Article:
What We Know and Don't Know
How many of us know what synesthesia is? What do we eat it with? How is it used or what is it used with. Well let me just tell you that synesthesia is a condition in which people have difficulty distinguishing between various sensory inputs.
Synesthesia comes from two Greek words, syn, which means together, and aesthesis, which means perception. Therefore synesthesia literally means, "Joined perception." "Synesthesia is an involuntary joining in which the real information of one sense is accompanied by a perception in another sense."(web.mit.edu) In addition to being involuntary, this additional perception is regarded by the synesthete as real, often outside the body, instead of imagined in the mind's eye. It also has some other interesting features that clearly separate it from artistic fancy or purple prose. It's reality and vividness are what make synesthesia so interesting in its violation of conventional perception. Synesthesia is also fascinating because logically it should not be a product of the human brain, where the evolutionary trend has been for increasing separation of function anatomically.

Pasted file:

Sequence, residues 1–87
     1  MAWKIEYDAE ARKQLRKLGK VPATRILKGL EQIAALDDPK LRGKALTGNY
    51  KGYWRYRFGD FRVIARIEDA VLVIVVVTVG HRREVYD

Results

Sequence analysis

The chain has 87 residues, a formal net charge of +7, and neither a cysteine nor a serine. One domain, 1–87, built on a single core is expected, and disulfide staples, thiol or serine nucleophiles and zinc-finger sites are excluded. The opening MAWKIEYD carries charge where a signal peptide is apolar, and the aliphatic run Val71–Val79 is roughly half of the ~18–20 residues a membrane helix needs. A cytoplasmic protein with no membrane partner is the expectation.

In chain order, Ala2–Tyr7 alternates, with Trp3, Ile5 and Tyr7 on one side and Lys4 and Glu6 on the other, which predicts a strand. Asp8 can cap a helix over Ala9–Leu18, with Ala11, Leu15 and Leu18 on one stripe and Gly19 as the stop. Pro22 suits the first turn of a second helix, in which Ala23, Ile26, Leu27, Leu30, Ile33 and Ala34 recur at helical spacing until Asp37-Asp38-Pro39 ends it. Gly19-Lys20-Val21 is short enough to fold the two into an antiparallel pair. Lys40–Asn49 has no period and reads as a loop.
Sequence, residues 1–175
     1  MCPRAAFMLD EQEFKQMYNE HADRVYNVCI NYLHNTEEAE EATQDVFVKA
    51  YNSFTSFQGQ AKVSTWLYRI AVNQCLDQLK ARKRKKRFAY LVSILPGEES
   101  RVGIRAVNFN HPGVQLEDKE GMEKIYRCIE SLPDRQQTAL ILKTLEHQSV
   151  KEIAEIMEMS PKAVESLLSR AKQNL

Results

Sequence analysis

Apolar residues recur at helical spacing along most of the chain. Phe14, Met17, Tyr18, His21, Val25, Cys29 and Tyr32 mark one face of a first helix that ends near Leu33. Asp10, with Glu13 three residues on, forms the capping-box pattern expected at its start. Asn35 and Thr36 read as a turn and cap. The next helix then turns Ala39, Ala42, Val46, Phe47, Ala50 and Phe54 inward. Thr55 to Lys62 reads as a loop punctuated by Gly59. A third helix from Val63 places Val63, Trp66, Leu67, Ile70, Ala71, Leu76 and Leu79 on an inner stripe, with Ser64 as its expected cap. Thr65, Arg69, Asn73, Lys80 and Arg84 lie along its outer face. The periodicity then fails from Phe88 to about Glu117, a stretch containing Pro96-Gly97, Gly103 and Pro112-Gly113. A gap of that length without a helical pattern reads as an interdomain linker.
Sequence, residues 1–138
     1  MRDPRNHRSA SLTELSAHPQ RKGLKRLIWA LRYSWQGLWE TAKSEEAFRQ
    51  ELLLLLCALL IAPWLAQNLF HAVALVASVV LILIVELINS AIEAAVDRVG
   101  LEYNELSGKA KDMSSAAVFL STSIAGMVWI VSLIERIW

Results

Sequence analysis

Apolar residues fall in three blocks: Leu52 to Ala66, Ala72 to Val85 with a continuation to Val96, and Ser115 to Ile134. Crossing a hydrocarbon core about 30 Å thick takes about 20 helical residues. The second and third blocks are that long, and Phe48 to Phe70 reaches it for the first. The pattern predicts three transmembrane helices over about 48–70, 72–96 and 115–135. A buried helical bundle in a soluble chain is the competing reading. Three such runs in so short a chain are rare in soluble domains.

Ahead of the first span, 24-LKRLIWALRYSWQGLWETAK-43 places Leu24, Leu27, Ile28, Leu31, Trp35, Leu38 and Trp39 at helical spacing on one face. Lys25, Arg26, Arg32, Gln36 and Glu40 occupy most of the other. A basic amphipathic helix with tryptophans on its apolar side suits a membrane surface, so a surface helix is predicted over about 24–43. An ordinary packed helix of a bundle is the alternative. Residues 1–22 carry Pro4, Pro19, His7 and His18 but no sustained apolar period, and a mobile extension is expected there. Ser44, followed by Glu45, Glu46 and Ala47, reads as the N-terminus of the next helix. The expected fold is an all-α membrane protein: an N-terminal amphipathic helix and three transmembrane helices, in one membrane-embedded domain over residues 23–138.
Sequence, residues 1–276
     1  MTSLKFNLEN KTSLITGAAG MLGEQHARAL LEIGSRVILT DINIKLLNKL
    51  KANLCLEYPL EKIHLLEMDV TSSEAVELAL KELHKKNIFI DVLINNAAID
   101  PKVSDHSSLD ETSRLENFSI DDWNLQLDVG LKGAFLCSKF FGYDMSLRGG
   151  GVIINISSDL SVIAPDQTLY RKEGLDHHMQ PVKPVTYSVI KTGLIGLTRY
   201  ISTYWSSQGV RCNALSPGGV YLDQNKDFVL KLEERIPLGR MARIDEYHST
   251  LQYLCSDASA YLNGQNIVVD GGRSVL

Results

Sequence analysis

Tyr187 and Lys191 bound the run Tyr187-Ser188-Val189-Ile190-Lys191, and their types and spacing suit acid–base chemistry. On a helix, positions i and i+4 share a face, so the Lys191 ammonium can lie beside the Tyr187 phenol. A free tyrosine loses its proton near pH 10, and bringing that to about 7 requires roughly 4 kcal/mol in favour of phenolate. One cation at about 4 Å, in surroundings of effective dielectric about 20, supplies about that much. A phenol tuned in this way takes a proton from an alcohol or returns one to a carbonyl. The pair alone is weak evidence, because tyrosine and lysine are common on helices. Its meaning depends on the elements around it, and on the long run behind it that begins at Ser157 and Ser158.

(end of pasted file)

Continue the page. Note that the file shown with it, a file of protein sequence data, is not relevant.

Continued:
Synesthesia can also involve any of the senses. The most common form, colored letters and numbers, occurs when someone always sees a certain color in response to a certain letter of the alphabet or number. I will now give you and example: a synesthete might the word "count" and think of shoes or the number "9" and think of the color bright green. There are also synesthetes that who hear sounds in correspondence to their smell, who smell is in response to touch, or who feel something in response to sight. Oh by the way, any type of combination of the senses is possible; so don't think that there is a specific type that everyone has. There are even some synesthetes that can combine up to three of their senses, but this would be extremely rare.
Although there is no officially established method of diagnosing...
References: Steen, Carol. "Synesthesia and the Synesthetic Experience." Online. 7 October 1997. 12 October 2005
"Synthetic Synesthesia." Online. 23 January 1993. 12 October 2005
Please join StudyMode to read the full document